by Julie Chun
Don Gallery (Room 26, 1331 Middle Fuxing Road, Shanghai), Sep 12 – Oct 26, 2014
Pearl Lam Galleries (81 Middle Jiangxi Road, G/F, Shanghai), Sep 1 – Nov 15, 2014
As summer slowly yawns to a close, there is a more noticeable change in Shanghai than cooler temperatures. The lights appear brighter, the buildings seem to stand taller and a palpable sense of glamour is in the air—as though the enchantment of a by-gone era has waltzed its way back into the Pearl of the Orient. A prom-like flurry rolls in as people slip into their most elegant or outrageous attire, dashing out clutching invites to the slew of art fairs that have been opening one week after another—as if the city were intent on chain-smoking art. In a collaborative spirit—which is a striking welcome—galleries and museums are mounting shows, talks, studio visits, the spectacle of it which appears seemingly fluid.
While neither Pearl Lam Gallery in Shanghai nor Don Gallery had colluded, the iterations of the site-embedded works in these two separate spaces had striking echoes. Zhang Ruyi has muted the passageways at Don Gallery while Mehmet Ali Uysal has gently shrouded the walls at Pearl Lam Gallery. These two artists do not know each other; Uysal resides in Ankara, Turkey, while Zhang is from Shanghai. Yet an obvious tremor seems to have intersected—if only momentarily.
Using industrial concrete, Zhang Ruyi literally blockaded the doors and windows of Don Gallery with cement casing, creating a solid impasse for natural light. Awareness of one’s enclosure is made all the more palpable by the impenetrable monumental edifice that physically projects from one of the doors, completely invading the viewer’s space. Within this dense obstacle of coarse gray concrete, we witness slivers of color emanating from paintings on the wall that subtly emerge—line by line, exactingly and painstakingly hand-inscribed with ball-point pens and ruler like a hologram floating out to touch us.
According to Zhang Ruyi, Rachel Whiteread’s works had a profound impact on her. As such, Whiteread’s sculpture serve as a point of departure for Zhang. If Whiteread’s sculptures underscore the purity of negative space, Zhang’s cement blocks have the effect of unleashing the raw and rudimentary textures of its inner organs outside its accepted perimeters. The cement lays bare its stark inner materiality in full public view, exposed, and stands directly in our path, refusing to be ignored. Thus we are made aware of the structural elements of the building’s interior, which we might have failed to notice before. But now we are fully cognizant that the windows have been transcribed as minimalist sculptures (or paintings) and a sense of wholeness is felt by repetitive gestures of form and content.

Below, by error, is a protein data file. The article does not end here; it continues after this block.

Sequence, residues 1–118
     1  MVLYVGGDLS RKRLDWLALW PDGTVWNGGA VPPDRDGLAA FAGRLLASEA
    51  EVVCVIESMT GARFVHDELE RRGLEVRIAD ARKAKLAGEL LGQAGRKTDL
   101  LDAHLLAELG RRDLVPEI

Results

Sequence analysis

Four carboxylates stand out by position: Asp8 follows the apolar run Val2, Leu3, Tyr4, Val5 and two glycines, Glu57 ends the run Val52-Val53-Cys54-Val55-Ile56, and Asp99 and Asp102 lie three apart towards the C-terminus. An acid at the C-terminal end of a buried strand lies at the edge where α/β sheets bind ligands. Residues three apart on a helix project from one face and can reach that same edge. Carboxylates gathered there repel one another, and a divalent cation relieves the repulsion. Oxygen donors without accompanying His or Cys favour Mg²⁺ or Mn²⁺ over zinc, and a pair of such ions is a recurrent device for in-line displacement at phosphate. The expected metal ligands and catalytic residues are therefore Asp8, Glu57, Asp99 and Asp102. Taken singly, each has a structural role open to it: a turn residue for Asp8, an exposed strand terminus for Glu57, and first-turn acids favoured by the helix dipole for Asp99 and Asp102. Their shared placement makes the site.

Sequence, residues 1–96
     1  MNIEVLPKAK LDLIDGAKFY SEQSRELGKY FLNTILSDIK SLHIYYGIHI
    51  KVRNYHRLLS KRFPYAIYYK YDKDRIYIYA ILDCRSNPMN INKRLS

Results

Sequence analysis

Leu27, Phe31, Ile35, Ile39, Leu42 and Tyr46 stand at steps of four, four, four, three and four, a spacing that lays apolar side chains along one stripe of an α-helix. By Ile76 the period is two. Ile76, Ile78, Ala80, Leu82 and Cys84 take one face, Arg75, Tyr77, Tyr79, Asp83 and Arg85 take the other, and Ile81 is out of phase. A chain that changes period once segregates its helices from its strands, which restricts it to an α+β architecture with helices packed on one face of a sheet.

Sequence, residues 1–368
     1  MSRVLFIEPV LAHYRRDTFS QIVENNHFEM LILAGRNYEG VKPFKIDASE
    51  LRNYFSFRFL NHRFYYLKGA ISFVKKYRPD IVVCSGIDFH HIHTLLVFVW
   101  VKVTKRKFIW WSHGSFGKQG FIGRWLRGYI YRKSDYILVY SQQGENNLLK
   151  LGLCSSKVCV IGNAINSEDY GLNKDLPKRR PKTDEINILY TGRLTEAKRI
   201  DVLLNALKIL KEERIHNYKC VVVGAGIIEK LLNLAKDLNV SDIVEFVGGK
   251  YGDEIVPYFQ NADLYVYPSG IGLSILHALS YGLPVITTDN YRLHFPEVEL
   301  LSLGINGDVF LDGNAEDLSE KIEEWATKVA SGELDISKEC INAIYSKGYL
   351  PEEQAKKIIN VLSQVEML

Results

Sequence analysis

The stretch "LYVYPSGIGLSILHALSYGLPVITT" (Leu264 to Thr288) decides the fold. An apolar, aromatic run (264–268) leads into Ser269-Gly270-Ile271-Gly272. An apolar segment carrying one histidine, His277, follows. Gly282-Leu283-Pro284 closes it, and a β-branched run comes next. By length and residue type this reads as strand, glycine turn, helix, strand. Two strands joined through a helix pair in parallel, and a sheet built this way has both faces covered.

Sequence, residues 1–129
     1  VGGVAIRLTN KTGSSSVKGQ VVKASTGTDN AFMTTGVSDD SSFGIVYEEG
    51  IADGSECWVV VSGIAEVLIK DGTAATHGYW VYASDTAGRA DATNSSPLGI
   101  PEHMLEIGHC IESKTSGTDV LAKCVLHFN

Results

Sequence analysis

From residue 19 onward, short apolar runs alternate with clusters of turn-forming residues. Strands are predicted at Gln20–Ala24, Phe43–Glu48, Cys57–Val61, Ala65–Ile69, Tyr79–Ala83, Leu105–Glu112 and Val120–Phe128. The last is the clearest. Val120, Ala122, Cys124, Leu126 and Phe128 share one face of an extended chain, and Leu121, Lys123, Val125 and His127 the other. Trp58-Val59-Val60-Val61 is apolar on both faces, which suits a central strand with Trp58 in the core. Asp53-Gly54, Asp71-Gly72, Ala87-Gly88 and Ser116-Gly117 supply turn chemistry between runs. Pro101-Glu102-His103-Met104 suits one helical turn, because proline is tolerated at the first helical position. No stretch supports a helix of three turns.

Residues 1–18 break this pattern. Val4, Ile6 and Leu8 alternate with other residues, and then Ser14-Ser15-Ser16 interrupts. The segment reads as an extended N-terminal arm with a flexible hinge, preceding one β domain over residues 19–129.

At Pearl Lam Gallery, the ghostly traces of art history’s colorful past have been neutralized and distilled into a series of white, emblematic structural support for the picture frame. In a similar way as intricately carved and ornate frames once covered the walls of French salons, Mehmet Ali Uysal’s orderly plaster frames, collectively entitled Painting, have been embedded directly into the walls to create the spatial illusion of recession and extrusion—as if the walls were quietly breathing. Like gaping mouths full of silent cries, the frames signify a cathartic gesture to mourn the loss of the painted canvas, which has been erased in full while remaining present. This ghostly presence is made all the more succinct by the perversely gilded frames—entitled Suspended and constructed from polyester—which hang languidly throughout the gallery. Vivid and wild colors of its outlines are juxtaposed in direct contrast to the atrophied form. No longer embodying the dominant, masculine parameters of great art, these markers of elite artistic identity have been stripped bare and left to dangle as impotent gestures.